How important to you is socializing with other RVers at campgrounds or RV parks?

Do you like to socialize with your fellow campers? Is a visit to a campground or RV park not complete unless you make a few friends, maybe sit around a campfire or meet up for a cocktail hour? Or do you generally prefer to keep to yourself? 

The survey may take a few moments to load, so please stand by.

Related

14 Thoughts to “How important to you is socializing with other RVers at campgrounds or RV parks?”

  1. Pat

    After having worked with the public for many years, I prefer to keep to ourselves when camping. I don’t mind a friendly wave or hello as people walk past, or meeting along a trail…but we are not going to sit and chat by the fire.

  2. Captn John

    We don’t really camp, we find an area to explore. Greet the neighbors and offer any assistance we can. Often either neighbors or us leave before getting to know each other well. We have made friends during longer stays. Too much to see and learn in too many places to visit to become social butterflies.

  3. FOrd Marshall

    Ford of Airdre AB
    I enjoy meeting people to welcome those visiting my part of Canada to advise on interesting places to visit and camp. To hear where they are from. To be helpful when needed. It’s a western Canadian way.

  4. summrbrz

    We always throw a hand up to the other campers. We always say hi. Sometimes this leads to conversation, sometimes not. Sometimes it leads to a visit , a drink , a fire – all good. We just roll with it.

  5. Booneyrat

    Ever heard of “nosy neighbors”? If not,just visit most any RV park.

  6. John

    I go camping to commune with both nature & my wife. I will say hello to passersby but don’t wander into my site expecting to become my new best friend.

    1. Bob p

      That’s the one thing my wife and I don’t have in common, she loves company, me I can take ‘em or leave ‘em and the latter of the two is my preference.

    2. Diane Martin

      John, I’m with you. A friendly word or two, a brief conversation – that’s all my husband and I really want. Guess we’re loner types.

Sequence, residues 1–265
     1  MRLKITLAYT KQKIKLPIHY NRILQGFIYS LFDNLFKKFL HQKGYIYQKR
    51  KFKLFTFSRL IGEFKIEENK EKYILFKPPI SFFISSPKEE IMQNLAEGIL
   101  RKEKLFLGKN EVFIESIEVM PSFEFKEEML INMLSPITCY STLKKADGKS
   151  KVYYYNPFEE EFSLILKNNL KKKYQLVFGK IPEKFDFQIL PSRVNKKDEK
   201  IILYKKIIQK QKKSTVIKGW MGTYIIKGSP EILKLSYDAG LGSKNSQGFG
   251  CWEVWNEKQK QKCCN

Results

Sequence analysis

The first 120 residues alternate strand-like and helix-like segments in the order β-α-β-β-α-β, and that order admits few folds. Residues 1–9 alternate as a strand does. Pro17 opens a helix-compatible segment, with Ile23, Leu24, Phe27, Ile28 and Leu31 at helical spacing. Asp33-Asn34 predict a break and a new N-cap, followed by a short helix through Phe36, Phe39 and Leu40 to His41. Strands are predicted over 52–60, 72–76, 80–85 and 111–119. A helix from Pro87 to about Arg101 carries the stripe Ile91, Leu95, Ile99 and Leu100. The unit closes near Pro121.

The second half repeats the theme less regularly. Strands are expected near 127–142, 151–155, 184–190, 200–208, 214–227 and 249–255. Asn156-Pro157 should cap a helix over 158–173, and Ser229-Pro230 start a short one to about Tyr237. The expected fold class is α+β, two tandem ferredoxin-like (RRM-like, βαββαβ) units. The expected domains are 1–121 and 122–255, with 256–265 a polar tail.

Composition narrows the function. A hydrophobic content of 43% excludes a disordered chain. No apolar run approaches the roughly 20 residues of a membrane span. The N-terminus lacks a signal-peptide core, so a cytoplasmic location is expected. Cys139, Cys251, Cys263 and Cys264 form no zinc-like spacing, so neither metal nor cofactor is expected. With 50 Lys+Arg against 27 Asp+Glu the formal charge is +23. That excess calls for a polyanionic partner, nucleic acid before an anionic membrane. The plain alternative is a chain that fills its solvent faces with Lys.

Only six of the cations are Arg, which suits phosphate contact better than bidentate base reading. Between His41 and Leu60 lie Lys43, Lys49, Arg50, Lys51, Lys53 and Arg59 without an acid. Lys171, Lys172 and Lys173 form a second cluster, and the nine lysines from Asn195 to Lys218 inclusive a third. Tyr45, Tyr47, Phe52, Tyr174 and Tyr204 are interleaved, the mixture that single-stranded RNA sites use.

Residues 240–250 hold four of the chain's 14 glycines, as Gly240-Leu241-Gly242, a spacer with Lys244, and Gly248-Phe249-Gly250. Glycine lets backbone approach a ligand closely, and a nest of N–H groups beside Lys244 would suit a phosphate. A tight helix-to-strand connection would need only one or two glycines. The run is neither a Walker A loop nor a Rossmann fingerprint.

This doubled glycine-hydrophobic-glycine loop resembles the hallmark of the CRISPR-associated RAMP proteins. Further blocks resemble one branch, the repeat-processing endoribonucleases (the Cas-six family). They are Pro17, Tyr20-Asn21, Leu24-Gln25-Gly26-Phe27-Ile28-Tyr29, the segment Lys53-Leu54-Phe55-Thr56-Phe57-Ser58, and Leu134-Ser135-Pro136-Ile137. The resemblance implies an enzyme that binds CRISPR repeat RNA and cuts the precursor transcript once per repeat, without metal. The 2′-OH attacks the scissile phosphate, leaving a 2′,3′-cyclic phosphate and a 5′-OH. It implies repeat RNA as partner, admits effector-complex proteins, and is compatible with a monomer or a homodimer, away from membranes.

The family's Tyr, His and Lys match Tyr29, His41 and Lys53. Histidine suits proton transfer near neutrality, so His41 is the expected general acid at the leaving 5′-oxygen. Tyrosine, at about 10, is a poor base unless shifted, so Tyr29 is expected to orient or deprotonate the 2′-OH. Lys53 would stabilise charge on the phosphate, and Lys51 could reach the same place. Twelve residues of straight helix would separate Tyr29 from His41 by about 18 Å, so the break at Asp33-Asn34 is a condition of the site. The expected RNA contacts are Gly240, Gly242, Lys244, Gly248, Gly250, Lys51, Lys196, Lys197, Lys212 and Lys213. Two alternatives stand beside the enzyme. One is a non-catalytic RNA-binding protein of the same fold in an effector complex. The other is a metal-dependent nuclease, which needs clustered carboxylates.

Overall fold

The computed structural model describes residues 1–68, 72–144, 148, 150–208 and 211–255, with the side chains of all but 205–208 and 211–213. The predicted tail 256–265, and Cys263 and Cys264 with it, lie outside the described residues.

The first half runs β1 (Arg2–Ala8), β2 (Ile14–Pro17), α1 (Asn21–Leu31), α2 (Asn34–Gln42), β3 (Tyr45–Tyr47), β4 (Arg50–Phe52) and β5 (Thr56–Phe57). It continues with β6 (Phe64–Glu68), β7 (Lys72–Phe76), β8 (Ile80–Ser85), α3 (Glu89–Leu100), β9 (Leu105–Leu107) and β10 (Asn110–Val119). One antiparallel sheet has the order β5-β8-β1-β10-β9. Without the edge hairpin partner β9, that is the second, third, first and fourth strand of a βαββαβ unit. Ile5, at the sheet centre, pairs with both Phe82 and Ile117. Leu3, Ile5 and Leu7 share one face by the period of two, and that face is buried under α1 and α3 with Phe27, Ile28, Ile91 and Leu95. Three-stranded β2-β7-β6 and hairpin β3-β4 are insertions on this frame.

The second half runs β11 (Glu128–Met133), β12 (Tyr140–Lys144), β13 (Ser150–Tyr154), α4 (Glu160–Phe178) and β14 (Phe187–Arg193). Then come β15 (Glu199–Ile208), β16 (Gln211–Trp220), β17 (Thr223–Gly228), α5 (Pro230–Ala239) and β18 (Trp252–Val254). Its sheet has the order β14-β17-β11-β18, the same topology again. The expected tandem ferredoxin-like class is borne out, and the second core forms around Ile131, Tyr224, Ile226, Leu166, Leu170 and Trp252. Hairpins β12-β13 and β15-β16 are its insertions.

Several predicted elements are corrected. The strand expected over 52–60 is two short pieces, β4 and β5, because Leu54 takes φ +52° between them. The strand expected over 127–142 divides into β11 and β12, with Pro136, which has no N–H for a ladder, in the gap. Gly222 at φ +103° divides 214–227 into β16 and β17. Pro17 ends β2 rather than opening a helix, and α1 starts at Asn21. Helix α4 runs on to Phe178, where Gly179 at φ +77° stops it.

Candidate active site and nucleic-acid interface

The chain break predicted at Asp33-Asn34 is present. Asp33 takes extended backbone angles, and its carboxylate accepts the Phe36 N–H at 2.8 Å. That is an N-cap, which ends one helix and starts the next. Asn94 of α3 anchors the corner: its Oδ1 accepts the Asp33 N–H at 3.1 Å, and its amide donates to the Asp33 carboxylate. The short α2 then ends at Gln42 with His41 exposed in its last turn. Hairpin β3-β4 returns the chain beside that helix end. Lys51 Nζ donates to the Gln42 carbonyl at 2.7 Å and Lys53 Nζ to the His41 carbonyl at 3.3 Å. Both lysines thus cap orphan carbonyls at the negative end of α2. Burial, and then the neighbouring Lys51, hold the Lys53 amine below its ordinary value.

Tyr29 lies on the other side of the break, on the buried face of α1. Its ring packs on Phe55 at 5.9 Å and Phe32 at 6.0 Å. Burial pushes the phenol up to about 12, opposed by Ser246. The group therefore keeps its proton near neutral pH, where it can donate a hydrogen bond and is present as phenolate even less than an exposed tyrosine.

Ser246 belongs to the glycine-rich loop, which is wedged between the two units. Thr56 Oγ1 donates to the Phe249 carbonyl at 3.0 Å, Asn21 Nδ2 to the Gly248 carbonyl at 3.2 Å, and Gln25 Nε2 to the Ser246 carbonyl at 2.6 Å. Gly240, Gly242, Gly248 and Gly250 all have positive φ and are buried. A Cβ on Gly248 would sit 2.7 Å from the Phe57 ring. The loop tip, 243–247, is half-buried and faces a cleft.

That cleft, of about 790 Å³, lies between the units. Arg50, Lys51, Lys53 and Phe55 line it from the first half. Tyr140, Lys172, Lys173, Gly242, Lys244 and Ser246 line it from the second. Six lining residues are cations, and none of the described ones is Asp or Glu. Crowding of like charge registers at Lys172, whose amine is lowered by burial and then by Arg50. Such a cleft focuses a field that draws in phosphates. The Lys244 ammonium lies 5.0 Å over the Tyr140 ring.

7. Drew

    I like to find out where people come from…sometimes we share in the places we’ve visited and we learn some new things. I remember one guy staying a couple of sites away from us had a HUGE German Shepherd that I fell in love with. A real gentle giant of a dog…I visited his camp site so I could pet the dog. One of the hobbies this guy had was smoking fish- which my wife loved…he gave us some samples. He was only there for a couple of days.

    1. Lauren Johnson

      So did you break camp in the middle of the night and abscond with the dog?

  8. Marsha Ross

    Talking with others seems to depend on how long you are staying in the park. Overnighters ask where you are from and where you are headed. If you are in the park for a longer time and see the same folks several times a day, your conversations may become more in depth. The friendliest folks are Escapees and the SKP Park of the Sierras is the most welcoming place I have ever been in!

  9. Tommy Molnar

    We always say “Hi” to our neighbors. Sometimes lengthy conversations start up, other times not. It just seems to happen if both parties are ‘conversationalists’ (big word but I’m sure we all know the meaning).

  10. Kathy

    I would like to see campgrounds with more special programs. My spouse and I tend to be very shy and introverted. We have to push ourselves to get out and meet others. It would be nice to have afternoon snacks that encourage people to mingle. Like some motels do like little finger foods with small plates so you don’t grab and run. Wine samples… soft drinks for kids. Or we have went to concerts sponsored by the campground. Not the best singers, but it pulls people in. I think it was the nephew they promised the family to give a job to? People came and stayed until their eyes were watering and squinting to much.

  11. Wolfe

    I don’t tend to camp places that have formal meetups, but I’ll say hi to my neighbors or get into friendly conversations while walking my dogs or flying drones, and my kids always recruit other kids to play.

    After 2-20 minutes, most folks continue on their walk, and I wouldn’t say I’ve ever been invited to another site’s cocktail hour or campfire per se, so I guess most folks aren’t mingling the friends/family they came with?

Leave a Comment

This site uses Akismet to reduce spam. Learn how your comment data is processed.